Writing, I’ve found, is a bit like running. For some reason – I have no idea why – I started knocking out blog posts in August at a rate much higher than I’d ever done previously finishing that month with 22. My previous highest had been 17 in September 2005 when I moved to White Sun of the Desert from my first blog. I carried this through to September when I put up 19 posts, with my 10 days in New York being the reason for slacking off. We’re not out of October yet and this will be my 35th post of the month. Hopefully I can keep this up because blogging, for me, is fun again.
Sometime over the summer I decided I would write a book, and in mid-August I made a start on it. I only really got going in mid-September after I came back from New York and yesterday I passed the halfway mark of 40k words, assuming a book is somewhere between 80k and 90k words. Like running where the more you do the fitter you get and the easier it becomes, with writing I find the ideas come more easily and the phrasing almost starts to write itself. All of this tells me that, if nothing else, I can write fast.
Which is great, but what about the quality? Well, that is subjective and there is only one way to find out if it’s any good.
My favourite quote from Napolean is:
If you start to take Vienna, take Vienna.
If I had the option I would write for a living. Ideally I’d write fiction that people would love and it would sell well. Less ideally I’d do technical writing. As things stand I have to stay working in the oil business, which to be fair is no great hardship so don’t all start sending me your old shoes and coupons cut from the local paper.
Before I get much older I want to find out if I can make a living as a fiction writer. I probably can’t because it is fiendishly difficult, but I want to try – firstly because I want to say I tried and found out, and secondly because the process of finding out is, at the moment, quite enjoyable. And the only way to find out, as I’m sure Napolean would agree, is to write a damned book and get it out there. So I am, or at least, I’m halfway through.
I believe two things sell fiction writing: story and style. If you stumble upon a good story then the style doesn’t matter: Dan Brown proved that. But this relies on pure luck. For me style is probably more important because if people like the style but not the story, I can dream up another story, and I reckon changing styles would be harder. Of course it would be great to have both a good style and a good story, which is what makes masterpieces what they are.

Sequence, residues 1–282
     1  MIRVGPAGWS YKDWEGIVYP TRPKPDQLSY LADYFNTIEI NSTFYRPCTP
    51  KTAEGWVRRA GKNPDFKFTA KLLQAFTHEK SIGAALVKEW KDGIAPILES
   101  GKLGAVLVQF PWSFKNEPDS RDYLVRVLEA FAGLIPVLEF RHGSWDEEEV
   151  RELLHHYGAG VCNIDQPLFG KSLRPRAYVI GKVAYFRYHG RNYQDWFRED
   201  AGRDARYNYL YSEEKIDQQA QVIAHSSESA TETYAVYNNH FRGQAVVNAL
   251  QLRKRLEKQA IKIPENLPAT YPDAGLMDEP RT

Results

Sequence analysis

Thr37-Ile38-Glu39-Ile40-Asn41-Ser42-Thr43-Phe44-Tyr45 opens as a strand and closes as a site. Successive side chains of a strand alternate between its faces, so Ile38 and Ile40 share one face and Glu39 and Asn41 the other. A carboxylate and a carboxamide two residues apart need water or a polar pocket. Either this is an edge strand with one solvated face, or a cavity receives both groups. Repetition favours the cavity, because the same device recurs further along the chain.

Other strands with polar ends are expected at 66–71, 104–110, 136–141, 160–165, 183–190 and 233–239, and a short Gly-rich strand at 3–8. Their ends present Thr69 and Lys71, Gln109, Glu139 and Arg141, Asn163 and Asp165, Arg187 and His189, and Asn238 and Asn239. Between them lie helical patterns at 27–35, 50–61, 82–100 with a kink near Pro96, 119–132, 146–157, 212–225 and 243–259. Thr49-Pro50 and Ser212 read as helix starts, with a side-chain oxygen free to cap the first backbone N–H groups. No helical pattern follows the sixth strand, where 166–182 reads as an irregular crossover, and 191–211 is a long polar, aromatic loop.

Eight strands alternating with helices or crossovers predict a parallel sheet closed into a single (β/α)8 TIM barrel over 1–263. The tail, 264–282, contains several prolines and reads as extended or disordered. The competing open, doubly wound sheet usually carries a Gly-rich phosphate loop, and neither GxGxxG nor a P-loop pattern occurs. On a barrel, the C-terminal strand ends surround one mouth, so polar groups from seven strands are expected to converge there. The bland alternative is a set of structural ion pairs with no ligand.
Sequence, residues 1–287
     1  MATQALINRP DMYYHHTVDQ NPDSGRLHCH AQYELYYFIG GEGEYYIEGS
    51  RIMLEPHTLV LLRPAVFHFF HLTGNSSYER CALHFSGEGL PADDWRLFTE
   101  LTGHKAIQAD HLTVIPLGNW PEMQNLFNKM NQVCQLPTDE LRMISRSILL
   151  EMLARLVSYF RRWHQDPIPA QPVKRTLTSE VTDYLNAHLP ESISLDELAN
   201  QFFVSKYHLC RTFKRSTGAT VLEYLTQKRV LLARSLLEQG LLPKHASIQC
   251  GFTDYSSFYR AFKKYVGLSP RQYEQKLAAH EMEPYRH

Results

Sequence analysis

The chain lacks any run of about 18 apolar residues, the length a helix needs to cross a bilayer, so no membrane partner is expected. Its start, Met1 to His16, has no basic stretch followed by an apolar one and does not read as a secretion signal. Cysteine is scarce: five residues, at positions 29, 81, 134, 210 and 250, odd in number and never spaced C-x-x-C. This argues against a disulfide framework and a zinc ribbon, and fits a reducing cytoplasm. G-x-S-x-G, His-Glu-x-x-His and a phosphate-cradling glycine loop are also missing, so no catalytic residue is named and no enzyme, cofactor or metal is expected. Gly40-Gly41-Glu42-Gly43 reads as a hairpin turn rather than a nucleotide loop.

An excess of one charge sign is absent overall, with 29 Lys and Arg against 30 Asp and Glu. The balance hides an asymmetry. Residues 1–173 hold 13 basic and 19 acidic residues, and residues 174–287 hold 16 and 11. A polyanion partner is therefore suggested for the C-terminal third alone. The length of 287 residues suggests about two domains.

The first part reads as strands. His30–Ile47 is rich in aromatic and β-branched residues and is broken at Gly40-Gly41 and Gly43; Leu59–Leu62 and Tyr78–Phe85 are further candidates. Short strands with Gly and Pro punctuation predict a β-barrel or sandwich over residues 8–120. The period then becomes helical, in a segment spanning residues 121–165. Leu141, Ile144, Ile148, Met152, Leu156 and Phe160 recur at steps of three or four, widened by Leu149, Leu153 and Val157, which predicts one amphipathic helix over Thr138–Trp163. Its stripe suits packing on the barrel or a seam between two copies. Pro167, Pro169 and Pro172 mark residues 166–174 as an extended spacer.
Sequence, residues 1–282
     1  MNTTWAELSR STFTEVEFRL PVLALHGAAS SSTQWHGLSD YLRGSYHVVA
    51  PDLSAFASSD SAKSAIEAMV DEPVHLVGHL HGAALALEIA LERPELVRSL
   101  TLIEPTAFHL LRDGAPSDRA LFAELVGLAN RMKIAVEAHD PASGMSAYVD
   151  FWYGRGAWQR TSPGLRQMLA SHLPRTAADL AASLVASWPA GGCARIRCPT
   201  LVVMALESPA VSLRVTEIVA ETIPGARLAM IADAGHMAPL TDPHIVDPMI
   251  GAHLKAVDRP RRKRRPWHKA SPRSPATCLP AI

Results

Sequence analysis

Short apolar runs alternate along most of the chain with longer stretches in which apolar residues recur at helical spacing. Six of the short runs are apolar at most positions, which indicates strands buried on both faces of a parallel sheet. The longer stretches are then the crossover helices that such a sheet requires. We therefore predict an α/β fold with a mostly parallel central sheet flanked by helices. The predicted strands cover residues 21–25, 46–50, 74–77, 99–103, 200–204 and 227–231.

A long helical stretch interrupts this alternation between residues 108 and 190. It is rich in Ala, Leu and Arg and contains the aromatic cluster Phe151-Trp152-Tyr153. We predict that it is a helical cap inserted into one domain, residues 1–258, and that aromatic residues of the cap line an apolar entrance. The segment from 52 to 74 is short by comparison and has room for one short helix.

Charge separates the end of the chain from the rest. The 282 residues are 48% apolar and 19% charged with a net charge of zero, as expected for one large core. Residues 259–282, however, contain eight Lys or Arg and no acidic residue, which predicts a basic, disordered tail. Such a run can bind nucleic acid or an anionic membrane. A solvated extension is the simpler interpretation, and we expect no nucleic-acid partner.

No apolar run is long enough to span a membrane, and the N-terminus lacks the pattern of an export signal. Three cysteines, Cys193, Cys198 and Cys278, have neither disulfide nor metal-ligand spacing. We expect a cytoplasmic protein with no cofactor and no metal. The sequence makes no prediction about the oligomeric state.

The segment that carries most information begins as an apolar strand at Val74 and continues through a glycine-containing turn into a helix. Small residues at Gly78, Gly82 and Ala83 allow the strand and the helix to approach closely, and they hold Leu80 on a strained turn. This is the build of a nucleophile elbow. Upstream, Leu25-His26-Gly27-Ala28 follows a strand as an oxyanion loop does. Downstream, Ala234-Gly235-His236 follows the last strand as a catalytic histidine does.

I’ve thought a lot about writing a book before, and each time I’ve started I’ve looked at the first thousand words and thought “this is crap”, referring to the style. I’ve never actually had a complete story in my head. This summer I reckoned I’d gotten one, and so I started to write.
The story is about a man in his late 30s who enters into a relationship with a woman in her early 30s who he met online, and it goes well for a while before he finds out she’s not who he first thought she was and it ends. Not very interesting, is it? Maybe not, but what I’m attempting to do is map out the thought processes of the man as the relationship develops: what he’s looking for, what he doesn’t want to see, etc. Lots of this stuff is written about women, and lots is written about Alpha-male millionaires. What I haven’t seen much written about is how men in their 30s think and what they look for in a woman from the man’s perspective. I’m also going to explore a few other themes: the effect of third-wave feminism on women in their 30s who are trawling the dating markets, addressing a few myths about what men supposedly want and alleged double standards. I have no idea if this is interesting, but I think it might be new. Only one way to find out.
As for the style? Well, I can only write one style I think. I posted an excerpt yesterday, so make of that what you will. There will be a lot of dialogue, something I’d never tried writing before last month but now I think I can do it quite well. Again, only one way to find out. If people like my style of writing then I’ll be onto a winner, because I can knock this stuff out as fast as I can think. If not, then it will be a slog because I don’t think I can switch to another without considerable effort that might not be worth it.
But the main reason for my writing a book is because, if you want to write a book, you need to write a book. Sitting around in a Paris cafe wearing a black polo-neck smoking Gauloises and talking about it isn’t going to get a book written. And I’m hoping that the second one, if I should ever write one, will be a lot easier and – if necessary – better than the first.
So, just another 40k words to go.